SIS Safety Requirements

In Safety Instrumented System (SIS), safety requirements follow the specifications prescribed in the below sections.

These requirements shall be sufficient to design the SIS and shall include a description of the intent and approach applied during the development of the SIS safety requirements as applicable.

SIS Safety Requirements

Functional Safety Engineering

SIS safety requirements follow the general norms prescribed below.

  • Safety Requirements Specification – Describes the function of the protective layer & Provides design details.
  • Safety Requirements Specifications are taken from – LOPA, Team members involved in safety design
  • Safety Requirement Specifications documented in – Safety Requirements Specification detailed documentation, Safety Requirements Specification (SRS) form, LOPA database, or workbooks.
  • SIF description of all the necessary LOPA scenarios with required logic to achieve the required functional safety (e.g., a cause and effect diagram, logic narrative)
  • Assumed sources of demand and demand rate on each SIF.
  • Process plant input and output devices list related to each SIF which is identified by the plant by means of equipment identification (e.g., field tag list) and all of them marked in P&ID.
  • List the requirements to identify and take account of common cause failures,
  • Define the safe state of the process for each identified SIF, elaborate on a  steady state to be achieved and the specified hazardous event has been avoided or sufficiently mitigated
  • Definition of any individually safe process states which, when occurring concurrently, create a separate hazard (e.g., overload of emergency storage, multiple relief to flare system);
  • Requirements detailing the proof test intervals
  • Requirements relating to proof test implementation
  • Response time requirements for each SIF to bring the process to a safe state within the process safety time
  • Describe all SIS elements –  process measurements, range, accuracy, and their trip set points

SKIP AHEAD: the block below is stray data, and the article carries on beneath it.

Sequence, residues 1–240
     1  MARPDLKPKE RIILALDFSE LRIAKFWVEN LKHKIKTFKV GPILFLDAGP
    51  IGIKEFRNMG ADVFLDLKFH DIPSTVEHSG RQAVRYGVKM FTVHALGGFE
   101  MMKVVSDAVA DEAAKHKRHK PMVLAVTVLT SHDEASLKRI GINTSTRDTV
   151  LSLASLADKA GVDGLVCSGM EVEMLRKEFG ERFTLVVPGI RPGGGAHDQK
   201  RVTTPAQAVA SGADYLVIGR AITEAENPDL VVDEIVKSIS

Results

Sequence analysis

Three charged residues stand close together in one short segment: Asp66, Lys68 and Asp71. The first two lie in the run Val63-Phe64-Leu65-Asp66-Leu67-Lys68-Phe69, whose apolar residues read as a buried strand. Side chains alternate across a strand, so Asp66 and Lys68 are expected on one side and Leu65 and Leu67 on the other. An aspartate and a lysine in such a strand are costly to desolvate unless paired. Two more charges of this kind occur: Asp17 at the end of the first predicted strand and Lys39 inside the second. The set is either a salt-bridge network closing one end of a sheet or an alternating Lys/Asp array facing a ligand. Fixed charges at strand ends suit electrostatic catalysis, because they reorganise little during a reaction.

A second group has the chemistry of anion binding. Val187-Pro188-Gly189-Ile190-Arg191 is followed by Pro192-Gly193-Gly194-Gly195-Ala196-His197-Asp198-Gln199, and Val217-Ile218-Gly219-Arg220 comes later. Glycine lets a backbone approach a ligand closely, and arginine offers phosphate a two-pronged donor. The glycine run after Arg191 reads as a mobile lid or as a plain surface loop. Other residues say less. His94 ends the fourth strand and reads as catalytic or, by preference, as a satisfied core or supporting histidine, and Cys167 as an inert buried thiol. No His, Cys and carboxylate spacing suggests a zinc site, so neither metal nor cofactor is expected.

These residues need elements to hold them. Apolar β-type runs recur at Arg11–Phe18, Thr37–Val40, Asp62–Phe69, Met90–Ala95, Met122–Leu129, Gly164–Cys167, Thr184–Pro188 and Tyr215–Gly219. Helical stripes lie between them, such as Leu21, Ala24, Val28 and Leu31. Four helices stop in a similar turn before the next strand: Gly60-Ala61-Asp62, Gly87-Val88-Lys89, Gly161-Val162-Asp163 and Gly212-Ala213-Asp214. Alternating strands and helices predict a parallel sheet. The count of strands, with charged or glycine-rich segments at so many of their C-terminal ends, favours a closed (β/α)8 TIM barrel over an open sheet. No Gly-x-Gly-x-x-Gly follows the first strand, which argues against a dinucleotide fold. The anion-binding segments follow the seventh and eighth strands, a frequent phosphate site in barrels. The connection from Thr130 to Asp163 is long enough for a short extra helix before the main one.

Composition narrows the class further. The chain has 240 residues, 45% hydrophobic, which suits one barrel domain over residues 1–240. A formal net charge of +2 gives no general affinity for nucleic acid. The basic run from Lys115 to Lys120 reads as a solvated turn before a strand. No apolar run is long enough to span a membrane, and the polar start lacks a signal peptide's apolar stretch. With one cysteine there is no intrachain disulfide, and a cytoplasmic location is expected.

• List SIF process output actions and the criteria for successful operation, e.g., Allowable seat leakage rate for final control element on/off valves
  • The functional relationship between process inputs and outputs, including logic, mathematical functions, and any required permissive for each SIF including the time constants, correction factors for input sensors, etc.
  • List the requirements for manual shutdown for each SIF
  • List all requirements relating to energize or de-energize to trip for each SIF;
  • Describe the requirements for resetting each SIF after an emergency shutdown (e.g., requirements for manual, semiautomatic, or automatic final element resets after trips
  • Update the maximum allowable spurious trip rate for each SIF
  • Narrate all failure modes for each SIF and desired response of the SIS (e.g., alarms, automatic shutdown)
  • List the required SIL and mode of operation (demand/continuous) for each SIF
  • Explain any specific requirements related to the procedures for starting up and restarting the SIS.
  • Description of the modes of operation of the plant and requirements relating to SIF operation within each mode;
  • Application program safety requirements as listed in relevant safety documentation.
  • Define the requirements for bypasses including written procedures to be applied during the bypassed state that describes how the bypasses will be administratively controlled and then subsequently cleared
  • List all interfaces between the SIS and any other system (including the BPCS and operators);
  • Specify the requirements of Operator response to alarms.
  • Specify any action necessary to achieve or maintain a safe state of the process in the event of a fault(s) being detected in the SIS, taking into account all relevant human factors and the mean repair time which is feasible for the SIS.
  • Ensure to take into account travel time, location, spares availability, service personnel availability, and environmental constraints
  • Identify all of the dangerous combinations of output states of the SIS that need to be avoided
  • Identify all extremes of environmental conditions that are likely to be encountered by the SIS during shipping, storage, installation, and operation. This may require consideration of the following: temperature, humidity, contaminants, etc. Besides electrical grounding, electromagnetic interference/radio frequency interference (EMI/RFI), shock/vibration, electrostatic discharge, electrical area classification, flooding, lightning, and other related factors are to be taken in mind.
  • Identify normal and abnormal process operating modes for both the plant as a whole (e.g., plant start-up) and individual plant operating procedures (e.g., equipment maintenance, sensor calibration, or repair). Additional SIFs may be required to support these process operating modes.
  • Define the requirements for any SIF necessary to overcome any major accident event, e.g., the time required for a valve to remain operational in the event of a fire.

Conclusion

SIS designers/reviewers to consider the above requirements while designing Safety Instrumented systems and Safety Functions. This helps for robust SIS for the safe operation of plant facilities.

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SIS Safety Requirements

 
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